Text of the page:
Rambam (in Hilchot Ta’anit) is not telling us ehy tragedies occur. He is simply telling us, firstly, that they are not just freaks of nature, but acts of Hashem; and secondly, he is telling us how we should react. It is not for us to explain how Hakadosh Baruch Hu runs His world. It is for us to respond to Him by living as He asks of us.
And there is another response that is called for—the instinctive human reaction that impels us to come to the help of those who are in trouble. It is a reaction that the world at large has demonstrated, in an astonishing outpouring of generosity and identification with those who have suffered. That is entirely as it ought to be; in the opinion of at least some Rishonim,19 Bnei Noach are obligated to give tzedakah. And it is also a reaction that we too, as ehrlicher Yidden and bnei Torah, should be demonstrating.
And yet, for the most part (the Orthodox Union—which raised significant money for the cause—and Zaka being notable exceptions), it seems to have been missing. Whatever individuals may have personally contributed, there seems to have been almost no response on the part of the organized Torah world. There has been a silence, an apparent apathy and indifference, on the part of the Torah world and its leaders to this immense human tragedy.
To some extent, this is understandable. In part, it reflects an insularity due to historical experience. Having seen how the world abandoned us in the Holocaust, we turned our back on the world. In part it is due to the need for the Torah community to separate itself from the negative influences of “goyishe” culture. And in part, it is due to the unique focus of the Torah world on self-improvement and the furtherance of Torah and mitzvot. But despite these considerations, it does not exonerate us of the need to act towards others with compassion.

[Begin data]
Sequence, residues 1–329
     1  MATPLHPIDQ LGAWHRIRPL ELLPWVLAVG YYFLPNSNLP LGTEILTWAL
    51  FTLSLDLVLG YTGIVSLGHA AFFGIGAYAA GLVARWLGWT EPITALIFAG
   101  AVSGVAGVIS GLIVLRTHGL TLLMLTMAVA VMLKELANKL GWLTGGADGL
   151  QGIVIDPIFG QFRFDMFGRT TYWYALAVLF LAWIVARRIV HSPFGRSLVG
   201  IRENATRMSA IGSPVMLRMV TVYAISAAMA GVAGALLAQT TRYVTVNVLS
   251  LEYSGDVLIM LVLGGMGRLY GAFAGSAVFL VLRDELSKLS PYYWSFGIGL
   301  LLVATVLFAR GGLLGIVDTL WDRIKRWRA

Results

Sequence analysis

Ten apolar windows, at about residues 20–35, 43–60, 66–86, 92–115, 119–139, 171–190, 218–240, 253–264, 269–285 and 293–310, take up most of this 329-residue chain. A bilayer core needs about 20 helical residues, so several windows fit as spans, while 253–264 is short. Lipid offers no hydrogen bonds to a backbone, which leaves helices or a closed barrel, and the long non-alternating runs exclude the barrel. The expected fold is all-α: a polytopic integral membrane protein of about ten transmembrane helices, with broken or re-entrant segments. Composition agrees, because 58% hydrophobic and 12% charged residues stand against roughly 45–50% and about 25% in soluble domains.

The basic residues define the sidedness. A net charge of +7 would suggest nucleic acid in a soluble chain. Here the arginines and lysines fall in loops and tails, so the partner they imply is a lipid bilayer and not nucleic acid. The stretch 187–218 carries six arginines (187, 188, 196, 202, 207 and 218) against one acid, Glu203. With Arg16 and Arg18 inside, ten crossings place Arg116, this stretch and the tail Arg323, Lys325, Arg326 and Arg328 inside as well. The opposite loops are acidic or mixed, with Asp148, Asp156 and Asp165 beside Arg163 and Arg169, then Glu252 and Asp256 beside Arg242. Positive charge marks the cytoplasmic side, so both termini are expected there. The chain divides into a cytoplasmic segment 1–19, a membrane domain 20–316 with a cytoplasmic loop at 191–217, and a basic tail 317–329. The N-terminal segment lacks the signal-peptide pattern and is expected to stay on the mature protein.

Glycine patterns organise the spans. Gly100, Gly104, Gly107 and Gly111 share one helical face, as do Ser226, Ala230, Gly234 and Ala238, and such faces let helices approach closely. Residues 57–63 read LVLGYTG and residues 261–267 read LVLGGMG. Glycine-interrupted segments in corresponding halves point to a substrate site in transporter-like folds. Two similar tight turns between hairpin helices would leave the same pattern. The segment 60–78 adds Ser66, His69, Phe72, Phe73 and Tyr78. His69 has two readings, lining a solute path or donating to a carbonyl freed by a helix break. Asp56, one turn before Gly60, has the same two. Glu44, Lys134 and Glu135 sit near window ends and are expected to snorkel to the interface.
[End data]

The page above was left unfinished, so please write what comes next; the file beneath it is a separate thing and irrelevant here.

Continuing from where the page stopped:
My father, alav hashalom, was an East European rav through and through, brought up living Torah and steeped in the yeshivah world of the tradition of the Chatam Sofer. He was a Holocaust survivor, who led a kehillah under three years of German occupation and lost his family in Auschwitz. Yet, he never lost his compassion for humanity. I well remember as a child how, during the Biafran War in Nigeria, he made an appeal to his kehillah to help the victims of the conflict (man-made as it was). To him it was natural, and instinctive, that help was required. His sense of humanity extended to all.
And he was not just naeh doreish; He was also naeh mekayem (he practiced what he preached). We had a plumber who had leased a house from the Church Commissioners. Owing to a minor failure to comply with the terms of the lease, they evicted him from the house (taking with them, for good measure, the tools of his trade). Overnight, he became a wreck of a man.